• Fri, Oct 12 2012

Why Women Should Never Ever Use The ‘Girly Voice’ At Work

Yesterday blogger Kate Fridkis wrote about how her voice will often, without her even trying, automatically go into a breathier, higher, more excited tone aka the ‘girly voice.’ She wrote:

“What is that voice? I hear women do it on the street when they are talking to a man they want to quickly placate. I heard one of my college roommates use it every night on the phone with her boyfriend. Girls and women slip into it so naturally, and then out of again, on a daily basis.”

Though we have talked about how flirting and sometimes using your feminine wiles (to an extent) can be advantageous in your career, we have to ask about the girly voice? Women seem to use this tone in an attempt to help get something or appease the listener, but can it help them in their career? We talked to some experts about this.

First of all, why do women do this?  Deborah Grayson Riegel, a communication expert, presentation skills coach, and an instructor of public speaking at Fordham’s Graduate School of Business and the Beijing International MBA Program at Peking University said there are three common reasons why women lapse into the voice:

1) Women use a girly voice to minimize their power. Too often, women at work still struggle with the authority they have earned, in both their relationships with men and other women. By speaking like a little girl, they divest themselves of one of the most outward signs of power – a commanding presence – in an attempt to level the playing field. It’s overcompensating by under-compensating. In addition, by using a tone of voice that goes up at the end, a woman can leave people with the impression that she is simply asking questions or offering suggestions rather than making tough decisions. While it may make colleagues feel less intimidated, it undermines a woman’s professionalism overall, and may have a negative impact on future advancement opportunities.

2) Women use a girly voice to stave off aggressive or even assertive input from others. When a woman makes herself sound younger and more vulnerable, she is broadcasting to her colleagues, direct reports, clients and supervisors that she can’t or won’t defend herself — so don’t be tough on her. Who wants to be the big bad wolf who makes a woman cry at work? She is, in essence, protecting herself from challenging conversations, performance feedback, and difficult news — all of which every professional needs to engage in in order to grow and develop. By shielding herself from the tough stuff, she is putting up a barrier to her long-term career development.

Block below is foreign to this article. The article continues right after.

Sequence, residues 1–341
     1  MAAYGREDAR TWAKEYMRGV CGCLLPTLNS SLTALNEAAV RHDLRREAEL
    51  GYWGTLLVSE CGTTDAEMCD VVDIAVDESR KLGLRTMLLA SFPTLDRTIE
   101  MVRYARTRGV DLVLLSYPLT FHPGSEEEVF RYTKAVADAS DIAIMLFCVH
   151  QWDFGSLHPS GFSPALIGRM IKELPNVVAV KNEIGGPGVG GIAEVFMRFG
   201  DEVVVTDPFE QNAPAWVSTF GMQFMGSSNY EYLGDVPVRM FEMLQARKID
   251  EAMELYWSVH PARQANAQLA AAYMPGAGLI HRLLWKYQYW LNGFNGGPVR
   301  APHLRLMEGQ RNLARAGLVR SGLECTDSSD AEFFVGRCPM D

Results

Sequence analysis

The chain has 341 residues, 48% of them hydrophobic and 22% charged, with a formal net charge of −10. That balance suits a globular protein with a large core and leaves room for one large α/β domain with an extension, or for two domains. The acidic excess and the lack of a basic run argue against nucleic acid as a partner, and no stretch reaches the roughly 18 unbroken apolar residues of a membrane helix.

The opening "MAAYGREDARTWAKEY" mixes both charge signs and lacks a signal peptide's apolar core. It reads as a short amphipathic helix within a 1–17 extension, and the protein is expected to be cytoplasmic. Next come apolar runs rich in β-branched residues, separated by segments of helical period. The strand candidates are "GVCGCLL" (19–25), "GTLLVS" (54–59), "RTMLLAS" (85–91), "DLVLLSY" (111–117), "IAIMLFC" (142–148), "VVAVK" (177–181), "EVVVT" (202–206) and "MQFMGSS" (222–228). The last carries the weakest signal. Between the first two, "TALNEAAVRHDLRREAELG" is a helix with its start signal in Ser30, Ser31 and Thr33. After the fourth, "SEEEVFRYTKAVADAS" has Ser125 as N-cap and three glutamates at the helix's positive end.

3) Women use a girly voice because it works! Many women are completely unaware of the fact that they’re using this softer, sing-song-y tone of voice. However, they are smart enough to know that something in their communication system IS working for them – helping them feel more comfortable with power, preventing difficult and direct feedback, and not being held accountable for tough decisions. It’s working for them in practice, but in the long run, it works against their personal and professional credibility and career development.

The girly, baby voice may work for Kim Kardashian and Paris Hilton (well, may have worked for the latter) but what does it do in an office? Even former British prime minister Margaret Thatcher was advised by consultants to lower her speaking voice. She took elocution lessons at the National Theatre to de-feminize her voice, and she went on to win her election. But Thatcher just had a high voice. She wasn’t cooing like a baby and giggling. Mario Almonte, a managing partner at a PR firm, told The Grindstone a girly voice would absolutely hurt a job candidate’s chances.

Photo: Diana Koryakovtseva/Shutterstock.com

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